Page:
Land sale poster c. 1910


Long Before Redlining: Racial Disparities in Homeownership Need Intentional Policies

The wealth gap is probably best illustrated in the way our country has, and has not, provided access to the single most important determinant of wealth for the majority of people in the United States—home and land ownership.

United States Department of the Interior advertisement offering 'Indian Land for Sale'. Image courtesy of Wikimedia Commons.

Land sale poster c. 1910

Land sale poster c. 1910

United States Department of the Interior advertisement offering ‘Indian Land for Sale’. Image courtesy of Wikimedia Commons.

Many of the economic challenges facing our nation—the racial wealth gap, the homeownership divide, inequities in credit access—have their origins in discriminatory housing and economic policies implemented from the colonial period through present times. But there is also a centuries-long ethos that many Americans have internalized: that their accomplishments were largely the result of a hard work ethic and a determined grit, and that others who did not achieve similar success just did not work hard enough, got themselves into trouble, or were not smart about the choices they made in life.

The reality is that white Americans have always benefited from supportive systems that propped them up, making the American Dream more attainable, while people of color have been deliberately excluded from these same opportunities. This disparity is probably best illustrated in the way our country has provided, or not provided, access to the single most important determinant of wealth for the majority of people in the U.S.—home and land ownership.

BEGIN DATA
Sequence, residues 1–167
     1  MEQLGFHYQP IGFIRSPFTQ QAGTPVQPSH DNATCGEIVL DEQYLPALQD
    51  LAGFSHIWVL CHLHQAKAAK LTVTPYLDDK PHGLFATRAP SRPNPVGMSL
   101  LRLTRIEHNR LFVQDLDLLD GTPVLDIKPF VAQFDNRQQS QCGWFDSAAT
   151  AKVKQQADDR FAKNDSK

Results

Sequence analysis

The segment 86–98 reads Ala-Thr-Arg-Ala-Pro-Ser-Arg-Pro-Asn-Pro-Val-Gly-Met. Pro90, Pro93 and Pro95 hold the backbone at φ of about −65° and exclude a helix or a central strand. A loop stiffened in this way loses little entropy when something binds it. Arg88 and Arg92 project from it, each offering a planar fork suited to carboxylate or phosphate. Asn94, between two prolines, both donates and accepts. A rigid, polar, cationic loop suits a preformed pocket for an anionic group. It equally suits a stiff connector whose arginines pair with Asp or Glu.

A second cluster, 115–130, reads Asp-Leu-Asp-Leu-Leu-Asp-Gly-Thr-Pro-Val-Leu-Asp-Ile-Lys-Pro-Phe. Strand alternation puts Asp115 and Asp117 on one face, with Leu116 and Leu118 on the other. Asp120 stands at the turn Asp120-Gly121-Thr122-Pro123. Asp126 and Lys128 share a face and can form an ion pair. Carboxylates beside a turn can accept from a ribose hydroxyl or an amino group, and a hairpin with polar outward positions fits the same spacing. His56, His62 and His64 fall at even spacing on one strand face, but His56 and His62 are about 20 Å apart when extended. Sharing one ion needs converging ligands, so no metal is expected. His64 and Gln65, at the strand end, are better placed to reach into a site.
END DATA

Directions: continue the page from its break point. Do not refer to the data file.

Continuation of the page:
To better understand this dynamic, let’s start with a history lesson.

Long Before Redlining

Historical “housing” policies from the initial colonization of what is now called the United States formulated the basis for current homeownership and racial wealth gaps, and our dual and bifurcated credit market.

When Great Britain established colonies, it offered what were known as headrights to settlers. The headrights system, credited for the quick and broad expansion of the thirteen British colonies, provided heads of households 50 acres of land (or more) for each person in the household, including indentured servants and slaves. But the land granted these settlers was not just free for the taking. It was land that was primarily seized from indigenous tribes. Militias were employed both to commandeer lands and provide protection to settlers and assist in infrastructure development and building projects.

The provision of lands and assistance provided by troops came at a not-small cost supported by government and corporations like the Virginia Company and Plymouth Company. It was this government supported resource that made it possible for early settlers to obtain land and pass down wealth for their families.

The headrights system morphed into the Land Grant and Homestead Grant programs, which were based on similar principles. Land grants were given to veterans of the Revolutionary War as payment and compensation for their service. Ironically, enslaved Black people who requested their freedom, given the premise of the Revolutionary War–freedom from tyranny–were denied, and slavery would continue for another 82 years. New European immigrants who became citizens, as well as those who were already living in the United States, including people who were formerly indentured servants, were able to take advantage of these government supported programs. These programs, which helped fuel the policy of Manifest Destiny, came at great costs for indigenous people, who lost more and more of their lands, lives, culture, and possessions as white people moved west.